Taken at the International Cool Climate Chardonnay Celebration held every summer in the Niagara Region of Ontario

AFTER

cinematic demo

Processing Tip #1: Blue-skying

I’m back in Canada now after four months of living and cruising on our sailboat, Windsong II, in Florida and the Bahamas. As you can imagine, the photo opps were astounding and I did my best to fill up my camera cards with images. Tons of images.

Images that make my heart flutter when I look at them and they bring me back to the feelings of awe and wonder I experienced daily.

Images I now have to go through and delete or process.

I shoot RAW so I don’t have a choice about processing — I have to do it because the image straight out of the camera (SOOC) is not already processed by the camera in the way that jpegs are. A raw image is  like a digital negative and has to be developed in the same way that film negatives have to be developed and tweaked in the dark room.

Processing demands myriad decisions on the part of the photographer about how to present your image to best express what you saw and felt when you clicked the shutter and what you want to share.

Sometimes what comes out of the camera just doesn’t reflect what you saw — because our camera does not have the dynamic range of our eyes or because we didn’t expose properly for the conditions or for some other reason. So we fix things up during the editing process…

I’m always learning about processing — it’s a never-ending journey that I derive so much pleasure from. I’m constantly searching for better ways to achieve and express my vision in my images.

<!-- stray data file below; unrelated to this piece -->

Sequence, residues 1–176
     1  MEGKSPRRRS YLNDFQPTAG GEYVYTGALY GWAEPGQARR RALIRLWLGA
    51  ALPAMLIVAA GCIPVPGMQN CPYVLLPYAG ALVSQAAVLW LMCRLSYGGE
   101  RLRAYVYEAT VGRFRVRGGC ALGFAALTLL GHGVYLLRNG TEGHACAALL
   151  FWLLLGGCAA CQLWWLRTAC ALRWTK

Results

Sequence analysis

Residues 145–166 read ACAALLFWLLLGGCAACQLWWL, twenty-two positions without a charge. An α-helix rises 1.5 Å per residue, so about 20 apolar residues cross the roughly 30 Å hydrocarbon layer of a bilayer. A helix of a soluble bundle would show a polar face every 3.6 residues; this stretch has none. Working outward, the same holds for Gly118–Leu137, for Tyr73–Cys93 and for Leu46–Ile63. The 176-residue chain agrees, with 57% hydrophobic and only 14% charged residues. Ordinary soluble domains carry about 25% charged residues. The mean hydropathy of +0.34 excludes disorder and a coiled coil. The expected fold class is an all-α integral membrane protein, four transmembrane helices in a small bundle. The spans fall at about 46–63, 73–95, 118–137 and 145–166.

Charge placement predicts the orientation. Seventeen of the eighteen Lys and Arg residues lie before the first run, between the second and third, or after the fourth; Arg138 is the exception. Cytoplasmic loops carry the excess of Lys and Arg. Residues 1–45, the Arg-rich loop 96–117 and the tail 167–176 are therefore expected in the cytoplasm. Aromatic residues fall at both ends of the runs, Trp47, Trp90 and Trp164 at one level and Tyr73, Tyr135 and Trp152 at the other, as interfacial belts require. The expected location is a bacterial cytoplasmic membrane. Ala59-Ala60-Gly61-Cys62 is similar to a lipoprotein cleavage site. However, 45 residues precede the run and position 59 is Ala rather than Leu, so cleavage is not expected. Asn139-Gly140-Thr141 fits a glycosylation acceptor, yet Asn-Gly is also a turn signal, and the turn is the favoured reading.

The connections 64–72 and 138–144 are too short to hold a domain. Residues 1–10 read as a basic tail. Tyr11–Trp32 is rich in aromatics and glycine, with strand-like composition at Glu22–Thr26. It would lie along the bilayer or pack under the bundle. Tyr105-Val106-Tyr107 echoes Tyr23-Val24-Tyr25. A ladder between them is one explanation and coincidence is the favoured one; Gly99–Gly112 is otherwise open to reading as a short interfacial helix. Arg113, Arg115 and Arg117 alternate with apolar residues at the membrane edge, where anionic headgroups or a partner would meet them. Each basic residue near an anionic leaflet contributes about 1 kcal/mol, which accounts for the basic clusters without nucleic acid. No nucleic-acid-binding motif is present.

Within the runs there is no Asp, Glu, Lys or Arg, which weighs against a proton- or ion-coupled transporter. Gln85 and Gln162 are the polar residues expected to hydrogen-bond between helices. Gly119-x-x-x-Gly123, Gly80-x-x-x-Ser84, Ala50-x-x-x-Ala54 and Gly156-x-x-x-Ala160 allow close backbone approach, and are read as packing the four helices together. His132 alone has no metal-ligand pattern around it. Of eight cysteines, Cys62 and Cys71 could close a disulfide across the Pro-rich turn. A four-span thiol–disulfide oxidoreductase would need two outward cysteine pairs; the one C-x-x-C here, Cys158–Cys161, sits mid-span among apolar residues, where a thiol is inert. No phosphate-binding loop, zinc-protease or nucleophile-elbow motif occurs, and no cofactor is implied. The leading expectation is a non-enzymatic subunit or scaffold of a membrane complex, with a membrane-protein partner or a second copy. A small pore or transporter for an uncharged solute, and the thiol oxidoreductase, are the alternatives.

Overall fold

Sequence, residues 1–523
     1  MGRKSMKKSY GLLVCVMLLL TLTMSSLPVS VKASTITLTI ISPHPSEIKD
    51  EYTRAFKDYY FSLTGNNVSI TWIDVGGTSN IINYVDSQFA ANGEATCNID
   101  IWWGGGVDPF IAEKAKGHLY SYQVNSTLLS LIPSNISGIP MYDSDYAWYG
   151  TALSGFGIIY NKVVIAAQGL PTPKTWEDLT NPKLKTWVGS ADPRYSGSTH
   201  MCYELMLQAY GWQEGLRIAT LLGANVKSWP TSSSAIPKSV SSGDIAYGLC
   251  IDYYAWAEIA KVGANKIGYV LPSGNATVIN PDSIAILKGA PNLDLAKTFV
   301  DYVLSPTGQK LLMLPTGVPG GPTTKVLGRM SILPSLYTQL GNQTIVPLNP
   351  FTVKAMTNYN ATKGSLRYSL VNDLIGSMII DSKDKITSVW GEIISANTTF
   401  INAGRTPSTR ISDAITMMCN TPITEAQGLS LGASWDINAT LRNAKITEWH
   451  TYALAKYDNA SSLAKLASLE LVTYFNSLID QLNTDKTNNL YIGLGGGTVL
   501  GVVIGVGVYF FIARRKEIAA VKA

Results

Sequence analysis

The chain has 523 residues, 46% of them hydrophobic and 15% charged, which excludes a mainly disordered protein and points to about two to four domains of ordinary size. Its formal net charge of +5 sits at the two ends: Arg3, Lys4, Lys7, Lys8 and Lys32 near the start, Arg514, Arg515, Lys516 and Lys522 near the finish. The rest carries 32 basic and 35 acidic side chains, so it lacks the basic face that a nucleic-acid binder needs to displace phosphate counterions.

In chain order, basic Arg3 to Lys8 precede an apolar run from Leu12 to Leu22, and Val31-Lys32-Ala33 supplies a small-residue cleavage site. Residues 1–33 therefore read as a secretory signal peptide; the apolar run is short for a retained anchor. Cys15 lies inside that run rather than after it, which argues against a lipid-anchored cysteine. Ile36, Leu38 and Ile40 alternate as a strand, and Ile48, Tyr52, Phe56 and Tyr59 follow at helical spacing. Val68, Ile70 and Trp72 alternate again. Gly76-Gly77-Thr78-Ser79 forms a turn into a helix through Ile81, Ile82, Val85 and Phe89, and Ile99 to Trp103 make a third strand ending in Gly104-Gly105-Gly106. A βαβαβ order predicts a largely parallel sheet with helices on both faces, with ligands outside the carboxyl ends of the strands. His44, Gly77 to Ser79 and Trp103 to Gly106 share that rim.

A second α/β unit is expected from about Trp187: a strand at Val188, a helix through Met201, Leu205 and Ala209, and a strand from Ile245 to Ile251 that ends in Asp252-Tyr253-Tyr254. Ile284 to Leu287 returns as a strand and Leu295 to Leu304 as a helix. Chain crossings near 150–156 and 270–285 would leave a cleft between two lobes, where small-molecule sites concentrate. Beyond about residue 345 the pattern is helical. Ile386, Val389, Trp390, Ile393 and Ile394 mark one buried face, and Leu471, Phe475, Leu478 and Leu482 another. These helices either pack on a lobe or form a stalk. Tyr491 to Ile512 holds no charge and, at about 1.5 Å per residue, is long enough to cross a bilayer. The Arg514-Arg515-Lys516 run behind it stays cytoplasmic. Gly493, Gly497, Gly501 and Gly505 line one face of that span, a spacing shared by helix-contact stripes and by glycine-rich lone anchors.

I gather information and ideas from books, other blogs, podcasts, video tutorials, e-books and online classes. I’m forever trying out new techniques. Some I keep and return to over and over — some do nothing for me. To me, editing is not a necessary evil — it’s part of the joy of the creative process.

I’m thinking that many of you are like me and it might be fun to share each other’s experiments.

So I decided to launch a new series of processing tips, in which I share some simple processing techniques that I pick up and test out. I mainly use Adobe Photoshop CC, Adobe Camera Raw and Lightroom.

I’ll share the link to the source of the information, which will contain the how-to’s so you can try it out too — and I’ll share my results.

So, on to Tip #1…

I saw this tip on Lightstalking. It’s great for pepping up those washed out or bland skies that we all struggle with from time to time.

Now, of course there are many other ways to achieve the same goal — both in camera, using filters and through processing. But this is a quick and easy way to deepen the blues of your skies in a natural looking way. By combining targeted changes to the exposure and saturation, the result is very pleasing.

Here is my image — before and after. See what you think…

I’d love it if you’d share your go-to methods for doing the same thing, in the comments or on your blog.

BEFORE

 

overdraught - sqbf

Before

 

AFTER

 

overdraught - sqafterfin

After